The quiscent galaxy NGC 4472 (image credit: WikiSky/SDSS).
DAWN's research is focused on the specific period in the history of the Universe known as the Cosmic Dawn. This previously unexplored period, 300–600 million years after the Big Bang, is when the first stars, black holes and galaxies is believed to have formed.
The Cosmic Dawn Center is involved in a number of observational surveys, utilizing multiple instruments and telescopes. The abundant data emerging from these tools is analyzed through both theoretical models and numerical simulations.
We study the birth, life, and death of galaxies. Additionally, we study the smaller scales, namely the gas and dust that lies in between the galaxies' stars — the interstellar medium — and the larger scales, namely the effect that the galaxies have on their environment in the early Universe; the so-called Epoch of Reionization.
Galaxies are the building blocks of the Universe, and understanding how, and how soon, these enigmatic structures of gas, stars, and dark matter arose, is an observationally challenging task, since it involves detecting the faintest sources, almost at the edge of the observable Universe.
The currently most distant — and hence earliest — galaxy is seen at an epoch where the Universe was only 400 million years old, 3% of its current age. The first stars were formed at half this age, but have not yet been observed directly.
DAWN is involved in the James Webb Space Telescope (JWST), which will be launched in October 2021, providing unprecedented deep exposures of some of the very first galaxies and protogalaxies.
Galaxies evolve through both internal and external processes: Gas is converted to stars which pollute the interstellar medium with heavy elements, some of which form dust grains. Spiral arms form, and gas is ejected as galactic winds, triggered by the feedback of stars and quasars. At the same time, galaxies accrete new gas from the intergalactic medium, and merge with other galaxies.
The interplay between these processes determines the fate of a galaxy — whether it will turn out a flat and star-forming spiral galaxy, an elliptical, red and "dead" galaxy, or something else.
The evolution takes place over timescales of hundreds of millions of years, and hence cannot be observed "live". But studying the statistical properties of large samples of galaxy populations through observational surveys and theoretical modeling, DAWN continuously contributes to expand our cosmological horizon.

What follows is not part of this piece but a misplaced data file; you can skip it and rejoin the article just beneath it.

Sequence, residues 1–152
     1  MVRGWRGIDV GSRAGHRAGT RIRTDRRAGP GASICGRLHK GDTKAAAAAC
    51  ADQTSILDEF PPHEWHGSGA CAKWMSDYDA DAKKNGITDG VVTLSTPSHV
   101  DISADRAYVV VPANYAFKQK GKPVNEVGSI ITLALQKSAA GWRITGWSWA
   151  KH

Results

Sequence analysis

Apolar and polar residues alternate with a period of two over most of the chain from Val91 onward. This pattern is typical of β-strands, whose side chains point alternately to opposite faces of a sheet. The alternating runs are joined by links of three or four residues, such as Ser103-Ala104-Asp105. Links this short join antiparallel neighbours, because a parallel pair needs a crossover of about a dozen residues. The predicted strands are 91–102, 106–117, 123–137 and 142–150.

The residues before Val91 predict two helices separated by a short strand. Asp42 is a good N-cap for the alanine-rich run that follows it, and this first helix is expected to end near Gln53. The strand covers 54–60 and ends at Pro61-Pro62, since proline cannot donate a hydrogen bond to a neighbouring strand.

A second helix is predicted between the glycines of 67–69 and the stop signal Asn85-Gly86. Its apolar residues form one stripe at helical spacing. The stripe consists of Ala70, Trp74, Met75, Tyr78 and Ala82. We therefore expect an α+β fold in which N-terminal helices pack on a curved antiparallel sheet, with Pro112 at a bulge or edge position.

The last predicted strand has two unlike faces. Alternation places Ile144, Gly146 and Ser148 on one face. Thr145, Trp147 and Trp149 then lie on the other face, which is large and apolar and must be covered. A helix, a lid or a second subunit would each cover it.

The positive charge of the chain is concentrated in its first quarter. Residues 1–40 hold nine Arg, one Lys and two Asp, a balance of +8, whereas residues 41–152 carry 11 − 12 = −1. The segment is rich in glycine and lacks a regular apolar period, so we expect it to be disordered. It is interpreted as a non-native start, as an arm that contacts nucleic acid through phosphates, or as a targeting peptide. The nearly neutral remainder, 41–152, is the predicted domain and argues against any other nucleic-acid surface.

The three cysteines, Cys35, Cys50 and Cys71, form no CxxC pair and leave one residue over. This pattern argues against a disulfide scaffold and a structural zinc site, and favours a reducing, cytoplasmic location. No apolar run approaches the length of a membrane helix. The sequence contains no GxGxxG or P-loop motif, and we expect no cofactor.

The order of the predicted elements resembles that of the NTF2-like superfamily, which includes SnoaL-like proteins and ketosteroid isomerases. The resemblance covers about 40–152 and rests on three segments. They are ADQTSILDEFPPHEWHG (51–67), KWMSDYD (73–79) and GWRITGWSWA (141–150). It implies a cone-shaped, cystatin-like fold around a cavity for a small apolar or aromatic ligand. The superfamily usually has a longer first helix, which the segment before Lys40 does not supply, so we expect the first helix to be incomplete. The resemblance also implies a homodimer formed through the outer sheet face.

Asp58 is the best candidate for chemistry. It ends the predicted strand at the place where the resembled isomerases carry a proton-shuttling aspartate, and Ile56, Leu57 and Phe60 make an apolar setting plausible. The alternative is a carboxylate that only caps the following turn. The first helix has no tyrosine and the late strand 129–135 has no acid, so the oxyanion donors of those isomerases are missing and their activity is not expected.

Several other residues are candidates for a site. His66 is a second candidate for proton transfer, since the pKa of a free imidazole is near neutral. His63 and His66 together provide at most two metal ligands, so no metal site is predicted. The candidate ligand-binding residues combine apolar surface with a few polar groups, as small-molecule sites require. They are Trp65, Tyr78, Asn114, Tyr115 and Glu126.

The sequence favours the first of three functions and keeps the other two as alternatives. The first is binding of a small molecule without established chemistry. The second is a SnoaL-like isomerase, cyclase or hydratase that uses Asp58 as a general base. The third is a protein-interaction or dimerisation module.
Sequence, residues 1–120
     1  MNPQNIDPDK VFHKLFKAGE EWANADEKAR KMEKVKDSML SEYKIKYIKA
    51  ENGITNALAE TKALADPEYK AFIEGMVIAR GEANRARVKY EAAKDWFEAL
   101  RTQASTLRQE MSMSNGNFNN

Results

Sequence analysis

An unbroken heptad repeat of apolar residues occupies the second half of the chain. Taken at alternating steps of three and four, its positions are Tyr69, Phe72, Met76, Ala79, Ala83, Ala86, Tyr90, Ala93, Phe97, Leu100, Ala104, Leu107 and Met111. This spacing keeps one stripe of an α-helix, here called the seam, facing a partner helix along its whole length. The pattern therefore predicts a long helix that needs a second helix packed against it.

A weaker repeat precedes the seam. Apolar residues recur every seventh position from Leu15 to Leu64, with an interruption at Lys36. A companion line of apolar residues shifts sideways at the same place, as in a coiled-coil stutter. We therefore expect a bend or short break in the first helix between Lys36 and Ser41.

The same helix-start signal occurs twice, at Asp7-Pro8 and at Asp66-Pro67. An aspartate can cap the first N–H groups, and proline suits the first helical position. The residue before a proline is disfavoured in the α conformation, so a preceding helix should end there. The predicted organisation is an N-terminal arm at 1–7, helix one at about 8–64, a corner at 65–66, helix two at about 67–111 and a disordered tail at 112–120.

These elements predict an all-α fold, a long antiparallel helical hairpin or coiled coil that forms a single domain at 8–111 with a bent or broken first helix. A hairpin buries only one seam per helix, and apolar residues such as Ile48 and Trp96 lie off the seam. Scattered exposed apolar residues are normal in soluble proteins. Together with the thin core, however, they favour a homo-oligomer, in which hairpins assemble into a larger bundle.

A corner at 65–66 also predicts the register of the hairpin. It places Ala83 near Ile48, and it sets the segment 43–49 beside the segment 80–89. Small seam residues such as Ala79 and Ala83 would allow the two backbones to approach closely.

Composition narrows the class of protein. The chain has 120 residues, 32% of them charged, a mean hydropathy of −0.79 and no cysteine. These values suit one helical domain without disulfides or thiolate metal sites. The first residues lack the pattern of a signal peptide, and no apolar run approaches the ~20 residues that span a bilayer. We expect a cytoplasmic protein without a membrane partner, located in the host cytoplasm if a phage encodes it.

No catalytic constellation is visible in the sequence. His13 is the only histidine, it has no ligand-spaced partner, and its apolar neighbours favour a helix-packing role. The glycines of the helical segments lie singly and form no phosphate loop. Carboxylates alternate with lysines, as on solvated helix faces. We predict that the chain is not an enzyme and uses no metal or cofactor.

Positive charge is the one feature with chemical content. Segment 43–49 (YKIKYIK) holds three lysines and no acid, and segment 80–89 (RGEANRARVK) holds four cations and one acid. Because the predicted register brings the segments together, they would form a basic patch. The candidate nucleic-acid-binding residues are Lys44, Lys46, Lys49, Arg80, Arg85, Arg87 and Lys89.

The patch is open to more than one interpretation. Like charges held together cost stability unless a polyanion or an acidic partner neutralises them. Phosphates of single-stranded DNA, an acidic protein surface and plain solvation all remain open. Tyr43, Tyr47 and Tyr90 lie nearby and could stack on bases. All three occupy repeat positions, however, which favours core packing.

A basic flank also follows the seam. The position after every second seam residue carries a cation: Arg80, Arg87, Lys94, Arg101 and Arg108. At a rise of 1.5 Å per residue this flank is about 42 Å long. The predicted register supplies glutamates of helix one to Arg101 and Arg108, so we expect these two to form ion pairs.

Some galaxies continue to form stars from the time they are formed and until today. The beautiful bluish spiral galaxies are an example of this. However, others — typically the most massive and elliptical galaxies — at some point cease to form stars. As the short-lived, blue stars die out and the long-lived, red ones remain, these galaxies get their characteristic orange-reddish color.
What is the cause of this so-called quenching? When did it happen, and why doesn't star formation stop in all galaxies? What is the role of galaxy merging versus the role of stellar feedback and active galactic nucleus activity? These are questions that DAWN seeks to answer, using telescopes such as the Atacama Large Millimeter Array and the Very Large Telescope.
The interstellar medium
Whether stars die with a whimper or with a bang, they return their gas to the space in between them, only now it is polluted with heavier elements, or metals.
These elements are important in several ways: Not only the metals themselves, but also the molecules and the dust that they form, affect observations both in emission and in absorption. Acting as a coolant, they facilitate star formation, and through the many electronic transitions of metals and molecules and the large cross sections of dust grains they engender massive outflows through stellar and galactic winds.
These processes are interesting in themselves, but also have major impacts on the evolution of galaxies. Analyzing the interstellar medium is thus pivotal to understand galaxies. Notably, DAWN searches for signatures of some of the first molecules to form, such as carbon monoxide.
In addition to all the action happening in the Universe in the form of planets forming, stars exploding, galaxies forming, etc., through its history the Universe has also experienced a number of global transitions. Most of these took place in the early Universe, in particular during the Big Bang.
When the Universe had cooled enough that neutral atoms could form, it remained neutral for several hundred millions of years. However, roughly half a billion years after the Big Bang, a global phase transition took place, where the entire vast space between the galaxies was re-ionized.
The sources of the ionizing radiation was probably hot stars in the first galaxies, but quasars also played a role. The transition was fast, cosmologically speaking, but exactly how did it progress? And how clumpy was the reionization? Before the epoch of reionization, light from galaxies has a hard time traveling through the Universe, but if reionization happened in a percolative manner, with large ionized bubbles around some galaxies, these may still be detected. DAWN investigates this interesting epoch in particular through numerical simulations.